Thursday, Apr. 18, 2024

P. Wynn Norman Can Breed Any Kind Of Pony

The breeder of Theodore O’Connor has always known exactly what she wanted to produce.

Try to peg P. Wynn Norman as a certain type of horseman, and you won’t get far. She’s bred a national pony hunter champion but doesn’t consider herself a pony hunter breeder. She’s bred a four-star eventer with international medals but doesn’t consider herself a breeder of event horses.

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The breeder of Theodore O’Connor has always known exactly what she wanted to produce.

Try to peg P. Wynn Norman as a certain type of horseman, and you won’t get far. She’s bred a national pony hunter champion but doesn’t consider herself a pony hunter breeder. She’s bred a four-star eventer with international medals but doesn’t consider herself a breeder of event horses.

Norman has always thought of herself as a trainer more than a breeder. After all, she’d paid her way through college at Cornell University (N.Y.), her master’s degree at New York Tech and her Ph.D. at the University of Michigan by training horses. And, while breaking 2-year-olds for the track near Millbrook, N.Y., she came across an exceptional stallion.

The 16.2-hand Thoroughbred had fractured his leg, healed, and then fractured it a second time. He was being prepared to return to racing again when Norman heard about him.

“He had such an incredible presence and was quite well built,” she said. “He had a huge stride and way of going and an incredible attitude toward life.”

That stallion, registered with the Jockey Club as Witty Boy (Anticipating—Miss Witty, Very Witty) but renamed Theodore by Norman, became Norman’s through a six-person partnership. “One of us had a farm where he stayed; I managed and trained him; another one took photos; another was an MBA and marketed him,” said Norman.

But when that partnership faded, Norman leased the stallion to Sue Hines, who bred him to top mares for the show ring. “Several of his offspring won major titles in hand in Michigan,” recalled Norman. “There are a number of his offspring who are hunters, equitation horses and jumpers out there.”

Some of those include I Don’t Know, the 2000 AHSA/Pfizer national small/medium green pony hunter champion under trainer Linda Evans, breeding division winners Exclusive Wit and Here’s To Your Wit, and Sweet Liberty, Out Of Character and Lexus, all of whom have shown on the A-rated circuit.

Originally, at her farm in Sharon Springs, N.Y., Norman planned to breed quality show hunter horses herself.
“But then I looked at the economics of it,” she said. “And I read studies that strongly indicate that the size of the mare dictates size of the foal. And it is far less expensive to breed ponies. I already had a stallion who was a successful hunter type—beautiful lines, great legs and feet. I had two mares I’d purchased, and my goal was to breed hunter ponies. That’s what there was a market for.”

But Norman’s skills were in dressage, and her love was eventing.

“I started to think, as the babies went under saddle, that the value added I could apply was to develop them as eventing ponies. I like them to go as hunters before they go as jumpers and jumpers before they event. So I figured I could put a foundation on them and widen the market for them.”

For the past decade, Norman, 45, has called her business Sportponies Unlimited and caters to all markets for ponies. “I still don’t specialize,” she said.

Making Her Way

Norman, now based in Ocala, Fla., said she’s been making headway with her ponies not just because of their accomplishments in the ring but from buyers recognizing her as a trainer and realizing that she knows what she’s describing in a pony.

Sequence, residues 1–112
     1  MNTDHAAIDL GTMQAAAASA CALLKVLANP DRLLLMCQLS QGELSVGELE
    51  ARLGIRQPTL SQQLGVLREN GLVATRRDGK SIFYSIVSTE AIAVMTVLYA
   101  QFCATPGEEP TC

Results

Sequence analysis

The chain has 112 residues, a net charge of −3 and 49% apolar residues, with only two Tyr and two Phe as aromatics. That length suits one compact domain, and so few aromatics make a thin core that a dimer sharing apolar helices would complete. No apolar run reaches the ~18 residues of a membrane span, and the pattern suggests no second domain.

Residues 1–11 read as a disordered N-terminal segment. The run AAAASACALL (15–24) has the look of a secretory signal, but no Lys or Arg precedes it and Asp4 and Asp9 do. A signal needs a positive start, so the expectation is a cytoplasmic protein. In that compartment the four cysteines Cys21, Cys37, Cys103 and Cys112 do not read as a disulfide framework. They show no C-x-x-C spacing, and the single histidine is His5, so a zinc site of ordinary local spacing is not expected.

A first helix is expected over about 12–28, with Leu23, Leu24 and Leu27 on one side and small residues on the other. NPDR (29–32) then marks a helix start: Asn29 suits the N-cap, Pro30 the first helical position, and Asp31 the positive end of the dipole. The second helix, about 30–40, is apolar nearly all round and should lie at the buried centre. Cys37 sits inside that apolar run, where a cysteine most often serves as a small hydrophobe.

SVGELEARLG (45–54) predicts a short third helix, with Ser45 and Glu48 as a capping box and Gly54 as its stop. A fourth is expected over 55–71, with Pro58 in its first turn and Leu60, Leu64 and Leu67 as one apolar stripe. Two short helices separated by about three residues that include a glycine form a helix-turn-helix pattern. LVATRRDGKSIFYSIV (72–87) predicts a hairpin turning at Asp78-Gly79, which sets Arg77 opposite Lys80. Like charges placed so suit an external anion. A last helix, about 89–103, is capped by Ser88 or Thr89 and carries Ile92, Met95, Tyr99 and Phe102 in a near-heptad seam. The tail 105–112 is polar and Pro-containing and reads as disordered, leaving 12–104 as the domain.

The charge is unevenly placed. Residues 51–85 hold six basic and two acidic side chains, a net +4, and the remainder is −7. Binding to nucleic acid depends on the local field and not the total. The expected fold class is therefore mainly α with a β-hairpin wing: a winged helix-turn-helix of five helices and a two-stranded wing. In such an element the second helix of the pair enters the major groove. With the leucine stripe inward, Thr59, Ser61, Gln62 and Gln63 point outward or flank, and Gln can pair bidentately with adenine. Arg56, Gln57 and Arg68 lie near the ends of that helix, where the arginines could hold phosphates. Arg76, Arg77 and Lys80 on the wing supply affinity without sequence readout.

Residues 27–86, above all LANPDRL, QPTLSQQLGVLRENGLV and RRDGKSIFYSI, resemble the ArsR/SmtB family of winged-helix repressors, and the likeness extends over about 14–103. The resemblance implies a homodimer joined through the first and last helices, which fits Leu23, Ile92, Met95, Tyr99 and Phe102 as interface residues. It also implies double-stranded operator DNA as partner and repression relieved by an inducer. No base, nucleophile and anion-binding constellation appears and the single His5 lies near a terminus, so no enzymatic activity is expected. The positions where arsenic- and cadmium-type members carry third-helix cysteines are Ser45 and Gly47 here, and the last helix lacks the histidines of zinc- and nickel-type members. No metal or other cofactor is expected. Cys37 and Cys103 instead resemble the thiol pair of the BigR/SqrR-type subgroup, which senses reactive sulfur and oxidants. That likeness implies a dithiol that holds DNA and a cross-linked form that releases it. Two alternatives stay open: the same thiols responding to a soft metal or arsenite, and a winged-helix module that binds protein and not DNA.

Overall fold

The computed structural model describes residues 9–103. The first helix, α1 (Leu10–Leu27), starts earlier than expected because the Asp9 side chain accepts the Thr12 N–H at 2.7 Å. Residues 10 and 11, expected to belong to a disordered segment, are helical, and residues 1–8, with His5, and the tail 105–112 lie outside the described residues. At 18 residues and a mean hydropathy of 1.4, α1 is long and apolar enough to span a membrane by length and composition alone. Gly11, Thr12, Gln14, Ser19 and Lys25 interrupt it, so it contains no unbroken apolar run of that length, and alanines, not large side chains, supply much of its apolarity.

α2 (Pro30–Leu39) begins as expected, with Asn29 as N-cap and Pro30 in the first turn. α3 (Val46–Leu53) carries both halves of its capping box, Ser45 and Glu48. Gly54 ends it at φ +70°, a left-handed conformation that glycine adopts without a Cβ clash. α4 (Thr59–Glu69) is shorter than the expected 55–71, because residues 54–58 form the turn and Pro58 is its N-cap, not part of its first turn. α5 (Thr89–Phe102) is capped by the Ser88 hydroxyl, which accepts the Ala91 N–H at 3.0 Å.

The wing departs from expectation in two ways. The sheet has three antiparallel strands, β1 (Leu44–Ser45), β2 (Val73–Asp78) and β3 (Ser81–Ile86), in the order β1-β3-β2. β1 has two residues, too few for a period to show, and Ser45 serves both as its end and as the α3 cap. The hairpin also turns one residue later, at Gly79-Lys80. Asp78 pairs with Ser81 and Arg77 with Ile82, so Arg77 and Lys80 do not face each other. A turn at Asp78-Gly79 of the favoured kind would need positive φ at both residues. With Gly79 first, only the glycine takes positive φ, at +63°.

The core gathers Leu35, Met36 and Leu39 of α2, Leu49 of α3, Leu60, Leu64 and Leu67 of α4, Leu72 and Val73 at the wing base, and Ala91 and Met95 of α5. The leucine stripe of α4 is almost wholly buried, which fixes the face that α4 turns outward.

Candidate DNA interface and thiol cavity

“A lot of breeders don’t talk the language,” she said. “Breeders need to understand what trainers need. I’ve learned that through trial and error.”

Norman said her average price was once $7,500, but she now sells more ponies for $15,000 to $20,000 and more as 2- and 3-year-olds. “They walk, trot, canter and have that auto swap,” she said. “They can pop around a course by the time they’re 3, and the trainers seem to like that.”

Norman freely admitted that she’s not in the league of the best hunter breeders, although she has established a relationship with Fox Ridge Farm, of Salem, N.J., and breeds to their Land’s End The Colonel’s Fox.

A pony named Karacter helped put Norman on the map in the mid-1990s, shown by Evan Coluccio to the WEF Tournament of Champions (Fla.) small pony reserve title. She has another small pony, out of her foundation mare Chelsea, also the dam of Karacter, and she believes Yet Another Karacter will be just as talented.

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She’s working on developing that talent with trainer and agent Debby Gibson, of Foxflower Farm in Ocala, Fla.

“[Norman] pulled an adorable pony off the trailer, and I said, ‘That looks like Karacter,’ ” recalled Gibson. “She said it’s his half-brother.”

Gibson’s daughter, Jaime, had ridden Karacter at the 1997 AHSA/Miller’s National Pony Finals, when she was 9 years old.

“It looks just like Karacter except a little bigger,” said Gibson. “For a 4-year-old, he’s so well-mannered and well-broke. She has nice ponies, and they have great groundwork and are a pleasure to deal with. I’d like to have one of them in every size. He’s brave, he goes to the jump, he does his changes and has an amazing mind.

“These ponies are broken correctly and have the right basics,” she added. “If you wanted one to go on and do three-days, they could do that, or if you want to do the hunters, they have the quality to do that.”

Like Gibson, Christan Trainor, who competed Theodore O’Connor to the advanced level before Karen O’Connor took over the reins, believes that Norman provides the ponies with a foundation that gives them an edge in their careers.

“She does a good job teaching them to figure out how to use themselves before anyone even gets on their backs,” said Trainor. “She does a lot of free jumping. Teddy hardly ever got himself in wrong, but he didn’t stress about it when he did. And I would attribute Teddy’s quiet boldness to her basic work starting out and the temperament she bred into him. He was always easy to ride to the jumps, quiet and adjustable.”

Gibson said Norman is on to something with her policy of diversifying her pony types. “From an economic point of view, it’s maybe not a bad idea,” Gibson said. “If one doesn’t jump in perfect form, it gives it another arena to be a star in. It would fit any number of perspective buyers. Wynn doesn’t limit herself to the hunter world.”

Gibson said she works well with Norman since they are both honest with each other about the ponies. “It’s sort of weird to run into someone as honest as her,” said Gibson. “She doesn’t have false expectations of the ponies. She’s very realistic. She trusts me enough to know I’m going to tell her like it is. And she thinks of her ponies first, probably even before herself.”